The bonus of our developing friendship was the friendship that grew between our husbands, too. When two married women become close friends, friendship between their spouses is not always a given. The fact that the four of us enjoy each others’ company so much is a real gift and one we do not take for granted, and it was Clyde who officiated at our wedding vow renewal a few weeks ago. A two hour drive now separates us, but when the opportunity to fellowship presents itself, we are delighted to rearrange schedules, whatever is needed to be able to spend that time together!

Today is Clyde’s 60th birthday and with his characteristic spontaneity he decided to take a day trip to his favorite place, the beach. Alena contacted us to see if we could meet them and their kids out there and, of course, the answer was “yes!” We made it out to Peregrine, going toward San Luis Pass, and the guys got the little portable grill going for hot dogs while Alena and I took a walk down the beach. Such a sweet visit catching up with each other! Upon our return, a fire pit had been dug and a small wood fire was burning in preparation for s’mores. We sat around the fire and talked, and then Clyde wrapped up our evening by leading us in a couple of worship songs.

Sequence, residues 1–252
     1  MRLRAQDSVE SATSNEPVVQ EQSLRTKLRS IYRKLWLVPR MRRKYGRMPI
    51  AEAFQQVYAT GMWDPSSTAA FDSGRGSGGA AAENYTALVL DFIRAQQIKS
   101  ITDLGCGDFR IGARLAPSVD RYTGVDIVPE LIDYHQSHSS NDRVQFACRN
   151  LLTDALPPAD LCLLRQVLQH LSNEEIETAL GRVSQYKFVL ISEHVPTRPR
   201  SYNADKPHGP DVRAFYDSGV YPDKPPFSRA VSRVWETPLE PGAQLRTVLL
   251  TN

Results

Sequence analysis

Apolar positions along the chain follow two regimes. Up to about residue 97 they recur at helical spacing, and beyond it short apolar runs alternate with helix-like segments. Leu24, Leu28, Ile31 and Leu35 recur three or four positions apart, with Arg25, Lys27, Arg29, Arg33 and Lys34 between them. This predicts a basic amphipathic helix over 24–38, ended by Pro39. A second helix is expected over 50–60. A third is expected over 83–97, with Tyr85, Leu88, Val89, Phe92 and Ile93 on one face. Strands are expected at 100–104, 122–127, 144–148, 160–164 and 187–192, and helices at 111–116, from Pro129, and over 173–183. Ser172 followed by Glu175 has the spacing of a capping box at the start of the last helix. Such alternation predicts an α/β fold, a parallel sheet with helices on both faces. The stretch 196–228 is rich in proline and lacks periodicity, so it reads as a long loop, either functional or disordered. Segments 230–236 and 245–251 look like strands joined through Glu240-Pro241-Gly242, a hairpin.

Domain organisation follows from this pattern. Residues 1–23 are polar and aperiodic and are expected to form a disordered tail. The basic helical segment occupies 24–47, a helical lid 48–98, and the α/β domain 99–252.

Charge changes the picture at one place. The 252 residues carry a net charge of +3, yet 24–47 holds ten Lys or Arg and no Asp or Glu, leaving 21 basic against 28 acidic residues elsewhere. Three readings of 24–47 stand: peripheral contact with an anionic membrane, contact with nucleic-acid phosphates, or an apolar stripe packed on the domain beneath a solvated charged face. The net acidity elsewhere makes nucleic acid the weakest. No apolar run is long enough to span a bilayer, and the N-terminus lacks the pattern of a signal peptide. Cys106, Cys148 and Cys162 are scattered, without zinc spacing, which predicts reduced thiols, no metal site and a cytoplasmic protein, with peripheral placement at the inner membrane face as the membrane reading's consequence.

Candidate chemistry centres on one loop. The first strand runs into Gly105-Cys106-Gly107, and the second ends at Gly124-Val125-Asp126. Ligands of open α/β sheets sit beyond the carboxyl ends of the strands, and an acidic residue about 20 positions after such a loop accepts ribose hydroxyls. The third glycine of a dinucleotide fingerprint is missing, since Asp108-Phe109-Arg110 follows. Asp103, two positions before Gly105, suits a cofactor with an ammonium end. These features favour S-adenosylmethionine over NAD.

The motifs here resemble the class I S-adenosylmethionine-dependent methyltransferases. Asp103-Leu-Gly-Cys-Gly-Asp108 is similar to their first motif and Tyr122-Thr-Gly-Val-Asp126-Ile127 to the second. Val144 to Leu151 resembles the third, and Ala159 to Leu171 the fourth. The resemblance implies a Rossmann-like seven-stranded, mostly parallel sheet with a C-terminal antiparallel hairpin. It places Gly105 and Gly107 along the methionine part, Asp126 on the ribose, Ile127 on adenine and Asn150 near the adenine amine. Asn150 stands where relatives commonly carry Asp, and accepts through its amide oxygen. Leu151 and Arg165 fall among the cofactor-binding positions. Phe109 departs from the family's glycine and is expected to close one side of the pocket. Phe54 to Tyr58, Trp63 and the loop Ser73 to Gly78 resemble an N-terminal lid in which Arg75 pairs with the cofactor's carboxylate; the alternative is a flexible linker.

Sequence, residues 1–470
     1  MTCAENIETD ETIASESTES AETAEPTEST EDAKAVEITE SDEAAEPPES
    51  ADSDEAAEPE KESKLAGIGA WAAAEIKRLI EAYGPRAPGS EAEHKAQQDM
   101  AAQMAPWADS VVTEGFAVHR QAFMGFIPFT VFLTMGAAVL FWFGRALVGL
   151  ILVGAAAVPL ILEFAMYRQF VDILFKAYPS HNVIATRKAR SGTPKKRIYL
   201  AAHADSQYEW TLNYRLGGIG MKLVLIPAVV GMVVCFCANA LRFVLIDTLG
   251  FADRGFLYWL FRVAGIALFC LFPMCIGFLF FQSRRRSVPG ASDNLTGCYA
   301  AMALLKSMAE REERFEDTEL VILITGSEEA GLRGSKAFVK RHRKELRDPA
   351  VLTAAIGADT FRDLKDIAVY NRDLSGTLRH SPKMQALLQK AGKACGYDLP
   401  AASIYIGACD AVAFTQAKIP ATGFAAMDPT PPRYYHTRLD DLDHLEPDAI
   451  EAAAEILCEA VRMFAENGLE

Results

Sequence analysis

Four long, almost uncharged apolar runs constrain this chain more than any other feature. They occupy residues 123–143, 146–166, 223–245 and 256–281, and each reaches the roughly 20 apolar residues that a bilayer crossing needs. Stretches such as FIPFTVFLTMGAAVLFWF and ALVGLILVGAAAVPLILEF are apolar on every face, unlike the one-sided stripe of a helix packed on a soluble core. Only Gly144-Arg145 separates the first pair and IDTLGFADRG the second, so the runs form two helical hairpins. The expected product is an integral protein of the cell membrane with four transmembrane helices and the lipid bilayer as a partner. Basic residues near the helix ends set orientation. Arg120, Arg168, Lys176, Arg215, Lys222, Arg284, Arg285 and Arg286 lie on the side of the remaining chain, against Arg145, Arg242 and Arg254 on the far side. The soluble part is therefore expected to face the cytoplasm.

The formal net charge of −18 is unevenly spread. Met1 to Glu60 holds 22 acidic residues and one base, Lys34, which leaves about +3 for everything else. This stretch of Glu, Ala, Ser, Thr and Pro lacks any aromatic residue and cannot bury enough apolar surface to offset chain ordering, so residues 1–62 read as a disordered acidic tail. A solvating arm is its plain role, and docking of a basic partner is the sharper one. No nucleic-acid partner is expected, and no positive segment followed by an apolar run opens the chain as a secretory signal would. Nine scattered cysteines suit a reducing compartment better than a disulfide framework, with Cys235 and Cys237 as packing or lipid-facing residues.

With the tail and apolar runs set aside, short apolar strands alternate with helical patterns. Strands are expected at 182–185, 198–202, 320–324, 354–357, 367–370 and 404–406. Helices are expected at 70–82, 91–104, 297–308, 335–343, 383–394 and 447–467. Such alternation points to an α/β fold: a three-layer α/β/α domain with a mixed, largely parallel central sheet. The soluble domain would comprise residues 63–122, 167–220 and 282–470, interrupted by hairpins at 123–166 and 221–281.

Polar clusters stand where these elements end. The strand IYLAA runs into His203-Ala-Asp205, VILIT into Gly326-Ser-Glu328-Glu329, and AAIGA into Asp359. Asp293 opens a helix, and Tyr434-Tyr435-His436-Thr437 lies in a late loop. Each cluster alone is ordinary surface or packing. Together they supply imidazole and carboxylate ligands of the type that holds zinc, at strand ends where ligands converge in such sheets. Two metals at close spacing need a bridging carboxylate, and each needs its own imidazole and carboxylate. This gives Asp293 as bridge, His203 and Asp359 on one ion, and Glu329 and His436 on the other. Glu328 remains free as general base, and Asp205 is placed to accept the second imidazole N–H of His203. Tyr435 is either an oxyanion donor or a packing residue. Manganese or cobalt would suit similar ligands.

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Friends and sisters by choice. ❤

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Lots to smile about – we’re together!
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Alena & Clyde, with their kids, plus a few “extras” along for the ride!

How I miss having these people nearby! I love you, Tauriainens! You are the best! ❤

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Alena & Clyde Tauriainen, AJ & Laura Jinkins

 

Encouraged & Reassured; Joy is a Choice